Welcome to the SPW website

SPW Activities

logo_trainingspw_2012NEW! As announced here, from August 23rd to 27th a second round of the Sexuality Research and Political Change Training Program was held in Buenos Aires immediately before the 9th IASSCS Conference. Check the album of workshop pictures.
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From March 18th to 22th, 2012 SPW organized the Sexuality and change – a new training program, in Rio de Janeiro, Brazil. This was the first training program offered by SPW and this initiative prompted participants to examine how theory, research and policy can shape meaningful social change. Read the training report.
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WE RECOMMEND

NEW! Read the final publication of the EROTICS: sex, rights and the internet projetc here.
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ead Ryan Richard Thoreson's article (Troubling the waters of a ‘wave of homophobia’: Political economies of anti-queer animus in sub-Saharan Africa) about the debate over Uganda’s Anti-Homosexuality Bill in 2009 and 2010, when journalists and activists warned of a ‘wave of homophobia’ in sub-Saharan Africa. In this article, the author illustrates how this trope elides critical differences between contemporaneous incidents. It also suggests that forms of anti-queer animus instead might be understood as the products of political economies. Click here to read it
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SPW recommends Scott Long's article about World Bank delaying a schedule loan to Uganda aimed at improving health care. The delaying was motivated by the approval of the "Anti-Homossexuality Bill". Scott reflects on the role of the World Bank in the developing world for the years. Click here to read it.
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Pambazuka News 667 comes with a special issue on “The struggles for homosexual rights in Africa”, which brings analyzes from a African perspective of the recent events regarding LGBT people rights. Click here to read it.
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Our publications

preservativo_feminino_capaABIA/SPW, NEPO and UNFPA launched Preservativo feminino - das políticas globais à realidade brasileira (Female condom – from global policies to the Brazilian reality), on the female condom in the local and global contexts, and its meaning for the exercise of sexual and reproductive rights of women. linha1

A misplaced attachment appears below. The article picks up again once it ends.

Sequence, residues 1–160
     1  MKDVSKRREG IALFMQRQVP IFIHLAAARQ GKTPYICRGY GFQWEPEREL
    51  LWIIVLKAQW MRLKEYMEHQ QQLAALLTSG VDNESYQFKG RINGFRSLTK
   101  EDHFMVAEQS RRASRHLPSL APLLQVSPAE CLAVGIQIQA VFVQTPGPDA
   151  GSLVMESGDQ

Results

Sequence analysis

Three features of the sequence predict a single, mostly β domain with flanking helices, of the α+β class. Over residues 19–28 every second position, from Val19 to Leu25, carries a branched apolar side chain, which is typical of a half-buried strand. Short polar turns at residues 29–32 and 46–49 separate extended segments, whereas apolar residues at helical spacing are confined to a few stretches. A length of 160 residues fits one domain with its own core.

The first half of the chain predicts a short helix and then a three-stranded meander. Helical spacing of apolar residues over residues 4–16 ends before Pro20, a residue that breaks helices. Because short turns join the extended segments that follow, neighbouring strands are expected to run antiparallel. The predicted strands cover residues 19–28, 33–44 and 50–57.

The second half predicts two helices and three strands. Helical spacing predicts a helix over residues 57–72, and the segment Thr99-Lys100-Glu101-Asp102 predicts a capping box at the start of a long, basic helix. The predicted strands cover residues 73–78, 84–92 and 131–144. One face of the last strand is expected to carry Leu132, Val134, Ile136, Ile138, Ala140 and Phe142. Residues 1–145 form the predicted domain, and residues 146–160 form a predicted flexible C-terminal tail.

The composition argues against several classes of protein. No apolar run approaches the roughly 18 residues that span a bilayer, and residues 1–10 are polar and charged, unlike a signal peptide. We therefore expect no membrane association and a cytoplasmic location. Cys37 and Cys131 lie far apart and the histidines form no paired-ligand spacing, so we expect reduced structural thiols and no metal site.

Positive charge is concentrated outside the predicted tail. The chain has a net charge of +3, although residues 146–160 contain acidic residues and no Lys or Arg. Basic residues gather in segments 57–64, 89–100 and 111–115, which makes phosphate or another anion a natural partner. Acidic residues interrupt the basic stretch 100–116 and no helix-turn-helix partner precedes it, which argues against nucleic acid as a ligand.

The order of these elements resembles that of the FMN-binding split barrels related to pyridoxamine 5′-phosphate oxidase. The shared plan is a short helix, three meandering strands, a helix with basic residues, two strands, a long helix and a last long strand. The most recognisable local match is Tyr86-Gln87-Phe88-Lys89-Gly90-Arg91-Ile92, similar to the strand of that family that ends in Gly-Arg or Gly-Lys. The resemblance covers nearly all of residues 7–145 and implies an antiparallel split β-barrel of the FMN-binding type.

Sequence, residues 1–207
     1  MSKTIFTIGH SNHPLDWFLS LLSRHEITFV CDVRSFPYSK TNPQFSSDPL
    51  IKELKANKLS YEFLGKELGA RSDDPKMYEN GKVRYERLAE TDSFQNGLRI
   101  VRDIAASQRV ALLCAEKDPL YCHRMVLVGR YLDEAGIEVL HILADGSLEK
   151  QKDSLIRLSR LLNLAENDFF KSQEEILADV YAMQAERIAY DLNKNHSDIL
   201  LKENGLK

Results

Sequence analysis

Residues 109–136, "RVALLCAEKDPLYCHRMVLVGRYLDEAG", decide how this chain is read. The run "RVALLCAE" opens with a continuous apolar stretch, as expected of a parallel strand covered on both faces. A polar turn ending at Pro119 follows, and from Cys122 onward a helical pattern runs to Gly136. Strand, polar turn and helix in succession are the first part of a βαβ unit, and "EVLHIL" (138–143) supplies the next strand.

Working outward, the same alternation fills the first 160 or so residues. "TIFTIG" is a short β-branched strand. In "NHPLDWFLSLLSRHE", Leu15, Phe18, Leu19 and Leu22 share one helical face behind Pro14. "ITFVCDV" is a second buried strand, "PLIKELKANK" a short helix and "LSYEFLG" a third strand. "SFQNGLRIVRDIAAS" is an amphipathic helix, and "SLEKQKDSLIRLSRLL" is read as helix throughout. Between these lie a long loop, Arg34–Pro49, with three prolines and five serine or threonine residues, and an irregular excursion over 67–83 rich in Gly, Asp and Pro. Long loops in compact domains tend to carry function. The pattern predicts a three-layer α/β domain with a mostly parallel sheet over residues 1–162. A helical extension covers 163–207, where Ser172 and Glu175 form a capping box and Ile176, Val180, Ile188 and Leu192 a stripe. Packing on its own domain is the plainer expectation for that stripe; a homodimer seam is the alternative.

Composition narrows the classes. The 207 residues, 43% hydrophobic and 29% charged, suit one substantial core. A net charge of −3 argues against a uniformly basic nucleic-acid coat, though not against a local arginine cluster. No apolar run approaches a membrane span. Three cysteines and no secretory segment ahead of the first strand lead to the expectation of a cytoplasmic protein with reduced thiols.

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AROUND THE WORLD

NEW! Nigerian Senate has passed the HIV Bill 2013, which stipulates that every person living HIV and AIDS shall be assured of freedom from unlawful termination of his or her employment by reason of his or her status. The decision comes months later after Nigerian state approval of a law that punishes same sex marriage and  prohibits public expression of affection among these. Sexual Rights Coalition commend the HIV Bill and expressed the will for a harmonized approach between the laws regarding intersectionality of human rights. Click here to read the statement.
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SPW is gathering news, results and assessments from the 47th session of the Commission on Population and Development (CPD)Click here to read some of them.
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The Philippines Supreme Court upheld a family planning law but ruled out provisions to punish health workers who do not inform people about contraceptive options. Read more on Reuters and on former lawmaker Edcel C. Lagman's article.linha
In a landmark decision, the Supreme Court of India allowed a transgender people to identify as a third gender and directed the central and state governments to give full legal recognition to them. Click here to learn more.
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AROUND THE WEB

NEW! New GenderIT.org edition highlights "Back and forth in the advancement of women's rights at CSW58". Click here to read it.
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The Guardian
brings information on the dissemination of rape as a practice used by Egyptian police against arrested dissidents. Read more.
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The Nation
brings an article about the role of American Christian organizations in triggering anti-LGBT laws at African countries. Click here.
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Read Scott Long's article about privacy of human rights activists. Click here.
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Read The Guardian's article about the case of a Brazilian women taken by police to have a cesarean, despite her will to have a vaginal birth. Here.
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Mother Jones brings an article about women's role in Rwanda, two decades after the genocide that killed 800.ooo people. Today, women represents two-thirds of the country's population and are helping to lead its reconstruction. Click here to read it.
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> Read more in "Around the Web"

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